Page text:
End the hysteria

End the hysteria

Now that Democrats have won control of Congress, can we get them to tone down the rhetoric about port security?

Democrats have been using port and maritime security to bludgeon the Bush administration and the Republican majority in Congress at least since the beginning of the 2004 campaign. Remember October 2004, when John Edwards, Democratic candidate for vice president, used a container ship at Port Elizabeth, N.J., as the backdrop to declare the system's vulnerability?

"We're screening today about 4 to 5 percent of these containers," Edwards said. "If you're al-Qaida . . . you know if you put (a weapon) in one of these containers, it's got a 95 percent chance of getting here." It takes more than a sound bite to explain Customs and Border Protections' layered approach to screening and inspection, so the Republicans never found an easy way to refute the Democrats' argument.

Scroll forward to 2006. In February, Sen. Charles Schumer, D-N.Y., was one of the first to raise the security alarm when DP World tried to acquire U.S. terminals. The hoopla led to the Security and Accountability for Every Port Act. Schumer in the Senate, and Rep. Ed Markey, D-Mass., in the House fought to the end to include language requiring 100 percent scanning of containers at foreign ports.

Schumer issued his scan-all call because he had seen the Integrated Container Inspection System in operation at two terminals in Hong Kong, according to his press secretary. Customs contends that ICIS makes for a nice photo-op, but the system lacks a critical interpretation component that would make it useful as a security tool. Schumer, Markey and their colleagues believe the time for testing is over.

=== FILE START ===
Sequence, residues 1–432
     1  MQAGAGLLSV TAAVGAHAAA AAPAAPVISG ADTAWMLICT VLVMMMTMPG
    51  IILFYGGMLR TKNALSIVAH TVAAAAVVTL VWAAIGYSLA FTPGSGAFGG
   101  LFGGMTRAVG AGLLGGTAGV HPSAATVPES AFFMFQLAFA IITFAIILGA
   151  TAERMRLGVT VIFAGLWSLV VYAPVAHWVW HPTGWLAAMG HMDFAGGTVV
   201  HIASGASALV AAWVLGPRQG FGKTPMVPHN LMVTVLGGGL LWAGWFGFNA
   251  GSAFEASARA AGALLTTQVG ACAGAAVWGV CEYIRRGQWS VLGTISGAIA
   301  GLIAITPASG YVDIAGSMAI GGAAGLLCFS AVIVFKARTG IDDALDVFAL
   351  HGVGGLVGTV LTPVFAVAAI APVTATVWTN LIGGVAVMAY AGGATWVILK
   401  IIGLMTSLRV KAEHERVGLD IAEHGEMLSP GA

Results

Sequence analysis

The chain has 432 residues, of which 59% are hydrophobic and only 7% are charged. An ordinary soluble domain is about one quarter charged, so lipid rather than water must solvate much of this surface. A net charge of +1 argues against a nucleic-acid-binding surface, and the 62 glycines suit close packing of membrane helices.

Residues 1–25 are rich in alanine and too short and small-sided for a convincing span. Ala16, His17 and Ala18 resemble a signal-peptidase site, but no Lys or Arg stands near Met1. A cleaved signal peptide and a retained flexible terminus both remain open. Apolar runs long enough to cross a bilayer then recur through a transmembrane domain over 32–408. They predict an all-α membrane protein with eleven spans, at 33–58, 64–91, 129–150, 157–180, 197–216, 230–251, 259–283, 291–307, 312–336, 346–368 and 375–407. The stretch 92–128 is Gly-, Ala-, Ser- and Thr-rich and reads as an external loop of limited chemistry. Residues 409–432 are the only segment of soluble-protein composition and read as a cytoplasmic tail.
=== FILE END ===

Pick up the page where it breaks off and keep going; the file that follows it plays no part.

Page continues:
When Congress overwhelmingly passed the SAFE Port Act, the majority of Democrats went along with a compromise that called on the Department of Homeland Security to set up "integrated scanning system" pilot projects at three foreign ports. The DHS has until about Jan. 13, 2007, to identify the ports for the pilot program, and another year to have them up and running. That's a tight schedule, especially when it's one among many tight deadlines that the SAFE Port Act obligates the DHS to meet.

For the time being, the Democratic congressional leadership likely will allow the DHS to follow the schedule in the SAFE Port Act, while it turns its attention to other priorities, like rail and transit security. If the DHS begins to lag, it's a sure bet that Schumer, Markey and the rest of the scan-all contingent will be waiting to speak out again.

R.G. Edmonson is Washington bureau chief at The Journal of Commerce. He can be contacted at (202) 355-1143, or at bedmonson@joc.com.